Chief Superintendent backs Lib Dem run Kingston Council over police funding.
Lib Dem Council leader Liz Green, answering a question at a Council meeting in December, has pointed out the hypocrisy of the Conservative campaign to reinstate a service which the Tories themselves cut in their pre-election budget earlier this year.
The then Tory-run Council had previously provided funding for an extra 12 officers in Kingston Town Centre through a ‘buy one get one free’ scheme run by the Mayor of London up until April 2018 — before the Liberal Democrat administration took over the Council in May.
Reacting to the Conservative campaign, Chief Superintendent Sally Benatar of the Metropolitan Police, who commands the police in Kingston, Richmond, Merton and Wandsworth, has countered claims that she requires Kingston Council to pay for extra police.
The ‘buy one get one free’ scheme effectively limited 12 officers to policing in Kingston Town Centre (as opposed to, say, Chessington or Norbiton, the areas where response times are worse than anywhere else in the four boroughs), without enlarging the overall size of the police force.
Chief Superintendent Benatar said: “I wouldn’t support a plan by the Council to fund additional police officer posts at this time, for Kingston Town Centre or elsewhere. There are no funded officer posts in the other boroughs within the South West BCU (Basic Command Unit, comprising Kingston, Merton, Richmond and Wandsworth), and I would take the same position if I became aware of proposals by the other Councils to fund police officers.”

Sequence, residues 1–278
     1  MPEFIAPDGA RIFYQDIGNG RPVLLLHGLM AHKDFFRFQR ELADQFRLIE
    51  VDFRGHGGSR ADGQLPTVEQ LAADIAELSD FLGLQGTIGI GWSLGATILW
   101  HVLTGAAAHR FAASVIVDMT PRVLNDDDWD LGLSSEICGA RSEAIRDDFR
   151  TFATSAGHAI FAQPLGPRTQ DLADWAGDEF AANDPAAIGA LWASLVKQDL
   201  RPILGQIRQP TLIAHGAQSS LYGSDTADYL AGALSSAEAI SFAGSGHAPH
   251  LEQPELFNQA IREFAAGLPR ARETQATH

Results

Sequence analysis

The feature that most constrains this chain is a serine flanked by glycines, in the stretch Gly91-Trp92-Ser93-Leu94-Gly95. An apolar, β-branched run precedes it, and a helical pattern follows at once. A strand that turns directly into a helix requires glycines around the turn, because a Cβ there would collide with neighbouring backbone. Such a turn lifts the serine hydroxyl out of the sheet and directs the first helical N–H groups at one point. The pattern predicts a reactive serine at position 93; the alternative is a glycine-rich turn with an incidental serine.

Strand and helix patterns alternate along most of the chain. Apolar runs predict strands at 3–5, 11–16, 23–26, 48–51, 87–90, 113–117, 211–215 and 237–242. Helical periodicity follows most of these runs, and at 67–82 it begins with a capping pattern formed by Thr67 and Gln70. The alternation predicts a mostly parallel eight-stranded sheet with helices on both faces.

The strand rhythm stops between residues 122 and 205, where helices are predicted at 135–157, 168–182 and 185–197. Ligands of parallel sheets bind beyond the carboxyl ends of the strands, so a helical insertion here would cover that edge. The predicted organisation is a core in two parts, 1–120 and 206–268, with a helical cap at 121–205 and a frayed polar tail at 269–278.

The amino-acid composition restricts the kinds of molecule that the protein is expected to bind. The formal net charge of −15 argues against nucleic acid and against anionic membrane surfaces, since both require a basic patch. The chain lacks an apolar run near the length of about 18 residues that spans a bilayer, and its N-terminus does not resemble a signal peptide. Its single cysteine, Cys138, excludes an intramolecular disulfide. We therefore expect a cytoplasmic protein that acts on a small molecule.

Kingston Council Leader Liz Green noted: “With police officer numbers across London now at their lowest level for 20 years and crime rates rising, the Conservative Government and the Labour Mayor of London must each shoulder the blame for budget cuts and falling police numbers.
"I have raised both the number of police officers and the appalling response rates in Kingston directly with Sadiq Khan, who is in charge of funding London’s police, and with Cressida Dick, the Commissioner of the Metropolitan Police.
"We must make sure people feel safe in our borough, but using Council money to pay for policing in one specific area is not the answer. We need sustained pressure on the Government and the Mayor to pay for more police officers.”